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Old 02-15-2015, 06:29 AM   #38
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One option to check into for the ROTH is you can make a non-deductible IRA contribution no matter how much you make, then you can convert that IRA to a ROTH right away and only have to pay taxes on the earnings. One possible glitch is if you have other traditional IRAs with contributions that were deducted on you taxes. IRS has rules that say if you take $10K from a traditional IRA you must partition that into deductible and non-deductible portions, based on your entire traditional IRA holdiings. Say you have $90K in deductible IRA and $10K in non-deductible IRA, 90% of any draws are deductible. Others may reply with more information on how the mechanics work, but if you don't have deductible IRA then you could fund a non-deductible and convert to get $$ into a ROTH.
Hi RetireBy90 - I do have a Traditional IRA, that I rolled over from a previous employers 401K some time ago (see my allocation table in one of the earlier posts). Has about 130K in it now. So, with that said, I don't think what you propose above is going to work for me. I'll end up paying a bunch of taxes. Or?

I think the best option for me is to put post tax dollars into my company's Roth 401K. I can invest up to 75% of my earnings. Then, if I ever leave the company I can roll that into a Roth IRA...I think.
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Old 02-15-2015, 06:31 AM   #39
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See if your company allows after tax contributions to your 401k...
After tax contributions are above and beyond the $17500 tax deferred maximum. It depends on the company if it is allowed or not. Some companies allow up to 75% from what I've seen, mine only offers 9%, but hey, it is better than nothing.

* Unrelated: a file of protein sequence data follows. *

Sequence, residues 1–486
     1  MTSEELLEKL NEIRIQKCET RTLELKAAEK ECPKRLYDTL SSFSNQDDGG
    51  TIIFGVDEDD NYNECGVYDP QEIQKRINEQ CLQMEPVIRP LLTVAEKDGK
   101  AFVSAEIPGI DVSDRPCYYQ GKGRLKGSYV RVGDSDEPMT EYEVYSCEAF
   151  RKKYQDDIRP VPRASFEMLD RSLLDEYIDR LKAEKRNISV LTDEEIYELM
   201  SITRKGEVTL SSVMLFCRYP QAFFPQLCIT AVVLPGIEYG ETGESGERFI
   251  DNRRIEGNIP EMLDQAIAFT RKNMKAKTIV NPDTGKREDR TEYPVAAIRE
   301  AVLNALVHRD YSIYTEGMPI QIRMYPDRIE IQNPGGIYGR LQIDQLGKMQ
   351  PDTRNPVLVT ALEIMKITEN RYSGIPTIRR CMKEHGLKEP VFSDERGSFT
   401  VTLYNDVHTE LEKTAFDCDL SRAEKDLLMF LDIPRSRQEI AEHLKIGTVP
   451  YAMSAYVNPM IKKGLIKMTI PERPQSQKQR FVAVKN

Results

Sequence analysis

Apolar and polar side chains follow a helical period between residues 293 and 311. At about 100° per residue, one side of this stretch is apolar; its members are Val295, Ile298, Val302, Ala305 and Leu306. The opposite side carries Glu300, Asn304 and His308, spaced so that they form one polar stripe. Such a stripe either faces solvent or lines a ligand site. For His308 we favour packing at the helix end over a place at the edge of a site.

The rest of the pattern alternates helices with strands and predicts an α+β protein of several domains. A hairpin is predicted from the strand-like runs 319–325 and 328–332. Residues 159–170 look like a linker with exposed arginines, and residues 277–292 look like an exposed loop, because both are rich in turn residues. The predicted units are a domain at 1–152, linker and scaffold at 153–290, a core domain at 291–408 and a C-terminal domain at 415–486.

After tax contributions can be rolled over to a Roth 401k while on service, or a Roth IRA when you terminate service.
Hi Molof. I think this is my best bet for tax advantage. My company does allow up to 75% into the ROth 401k. If I ever leave, I would plan on rolling that into a Roth IRA. Thanks for the suggestion.
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Old 02-15-2015, 06:37 AM   #40
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Hi Pb4uski. I did some looking into this and call my 401K broker my company uses. They told me I can in-fact do this, but I cannot do it while I am in-service (an employee). While I am an employee I can contribute up to 75% of my after tax dollars into a Roth 401K and can invest in the same funds that are available to my tax deferred 401K. When/if I leave the company I can at that time roll the after tax money into a Roth IRA. And of course, I can roll the tax deferred money into a traditional IRA, if I want.

Seem correct?